Phenytoin and Fosphenytoin

Phenytoin and Fosphenytoin is a topic covered in the Washington Manual of Medical Therapeutics.

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General Principles

Pathophysiology

  • Phenytoin exerts therapeutic activity by binding to neuronal sodium channels and inhibiting reactivation.
  • Phenytoin exhibits saturable kinetics, and at plasma levels >20 μg/mL, toxic effects become rapidly apparent.
  • Fosphenytoin is a prodrug that is converted to phenytoin after IV or IM injection.

Risk Factors

  • Patients with mutations of the cytochrome P450 system that impair phenytoin metabolism are at risk for toxicity even with therapeutic use.
  • Coadministration of xenobiotics that inhibit CYP 2C9, 2C19, or 3A4 impairs the metabolism of phenytoin and may lead to phenytoin toxicity.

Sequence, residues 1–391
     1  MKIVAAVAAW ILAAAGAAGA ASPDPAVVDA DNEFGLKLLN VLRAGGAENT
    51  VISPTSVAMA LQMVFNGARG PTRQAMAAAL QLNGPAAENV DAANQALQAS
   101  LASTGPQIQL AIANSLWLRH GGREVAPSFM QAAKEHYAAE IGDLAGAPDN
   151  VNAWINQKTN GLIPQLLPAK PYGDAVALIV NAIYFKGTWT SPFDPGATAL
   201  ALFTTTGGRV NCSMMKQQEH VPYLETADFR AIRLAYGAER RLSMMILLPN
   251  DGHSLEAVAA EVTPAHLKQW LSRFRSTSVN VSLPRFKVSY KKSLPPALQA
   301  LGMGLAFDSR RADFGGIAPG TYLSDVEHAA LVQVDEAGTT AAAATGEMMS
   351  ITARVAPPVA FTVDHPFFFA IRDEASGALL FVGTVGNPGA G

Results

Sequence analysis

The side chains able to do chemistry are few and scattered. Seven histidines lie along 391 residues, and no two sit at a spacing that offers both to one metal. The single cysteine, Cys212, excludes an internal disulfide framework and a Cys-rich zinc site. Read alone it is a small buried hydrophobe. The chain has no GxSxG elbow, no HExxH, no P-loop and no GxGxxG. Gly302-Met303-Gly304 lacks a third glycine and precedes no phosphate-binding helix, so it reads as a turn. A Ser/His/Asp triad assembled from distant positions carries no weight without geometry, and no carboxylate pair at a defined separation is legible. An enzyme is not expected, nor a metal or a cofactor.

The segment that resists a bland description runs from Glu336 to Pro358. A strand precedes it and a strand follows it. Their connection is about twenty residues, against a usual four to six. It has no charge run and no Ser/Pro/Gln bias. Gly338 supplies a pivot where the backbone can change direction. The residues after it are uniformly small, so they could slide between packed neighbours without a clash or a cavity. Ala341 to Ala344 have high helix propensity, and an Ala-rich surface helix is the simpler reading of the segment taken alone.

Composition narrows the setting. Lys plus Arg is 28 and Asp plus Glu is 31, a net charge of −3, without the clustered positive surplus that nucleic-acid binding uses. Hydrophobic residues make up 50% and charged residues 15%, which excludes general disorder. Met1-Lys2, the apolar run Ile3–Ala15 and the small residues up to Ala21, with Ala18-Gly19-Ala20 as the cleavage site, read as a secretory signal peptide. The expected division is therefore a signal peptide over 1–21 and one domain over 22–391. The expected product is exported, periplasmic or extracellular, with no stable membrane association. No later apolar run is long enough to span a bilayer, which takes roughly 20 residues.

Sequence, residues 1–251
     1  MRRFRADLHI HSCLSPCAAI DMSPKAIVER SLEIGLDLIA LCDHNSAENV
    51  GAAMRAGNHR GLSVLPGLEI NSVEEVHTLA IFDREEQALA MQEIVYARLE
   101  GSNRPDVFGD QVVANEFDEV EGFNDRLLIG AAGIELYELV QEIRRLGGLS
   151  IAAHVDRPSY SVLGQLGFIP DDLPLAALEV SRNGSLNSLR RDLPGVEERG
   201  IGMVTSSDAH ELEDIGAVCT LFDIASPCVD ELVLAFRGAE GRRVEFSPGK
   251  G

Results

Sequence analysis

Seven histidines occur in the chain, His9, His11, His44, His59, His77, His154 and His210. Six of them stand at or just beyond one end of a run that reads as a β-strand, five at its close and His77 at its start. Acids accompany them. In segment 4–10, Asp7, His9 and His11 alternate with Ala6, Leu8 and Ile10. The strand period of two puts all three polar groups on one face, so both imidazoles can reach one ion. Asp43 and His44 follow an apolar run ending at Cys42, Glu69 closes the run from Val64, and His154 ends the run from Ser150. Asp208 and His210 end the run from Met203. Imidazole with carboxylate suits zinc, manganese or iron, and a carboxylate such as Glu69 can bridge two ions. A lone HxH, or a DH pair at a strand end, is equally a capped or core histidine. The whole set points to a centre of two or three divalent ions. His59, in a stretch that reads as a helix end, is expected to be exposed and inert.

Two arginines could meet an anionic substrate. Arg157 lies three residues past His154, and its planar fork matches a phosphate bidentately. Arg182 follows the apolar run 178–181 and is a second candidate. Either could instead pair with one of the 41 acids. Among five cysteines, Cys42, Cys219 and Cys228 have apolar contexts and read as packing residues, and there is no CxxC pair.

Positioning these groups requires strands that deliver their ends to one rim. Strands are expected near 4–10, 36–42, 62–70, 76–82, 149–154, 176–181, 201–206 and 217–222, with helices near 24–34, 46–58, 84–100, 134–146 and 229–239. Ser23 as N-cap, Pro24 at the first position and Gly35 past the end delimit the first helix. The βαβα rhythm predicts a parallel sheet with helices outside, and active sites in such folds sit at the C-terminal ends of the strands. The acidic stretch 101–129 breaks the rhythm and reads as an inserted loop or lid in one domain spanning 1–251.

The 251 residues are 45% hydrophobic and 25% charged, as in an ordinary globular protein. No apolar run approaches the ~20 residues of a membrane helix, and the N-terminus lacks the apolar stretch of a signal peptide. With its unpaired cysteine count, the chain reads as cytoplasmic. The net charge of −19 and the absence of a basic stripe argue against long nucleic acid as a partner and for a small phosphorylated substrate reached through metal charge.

• Phenytoin is highly albumin bound; patients with hypoalbuminemia (e.g., those with malnutrition or cirrhosis) may have higher levels of free (active) drug and experience toxicity despite seemingly normal total phenytoin concentrations.

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General Principles

Pathophysiology

  • Phenytoin exerts therapeutic activity by binding to neuronal sodium channels and inhibiting reactivation.
  • Phenytoin exhibits saturable kinetics, and at plasma levels >20 μg/mL, toxic effects become rapidly apparent.
  • Fosphenytoin is a prodrug that is converted to phenytoin after IV or IM injection.

Risk Factors

  • Patients with mutations of the cytochrome P450 system that impair phenytoin metabolism are at risk for toxicity even with therapeutic use.
  • Coadministration of xenobiotics that inhibit CYP 2C9, 2C19, or 3A4 impairs the metabolism of phenytoin and may lead to phenytoin toxicity.
  • Phenytoin is highly albumin bound; patients with hypoalbuminemia (e.g., those with malnutrition or cirrhosis) may have higher levels of free (active) drug and experience toxicity despite seemingly normal total phenytoin concentrations.

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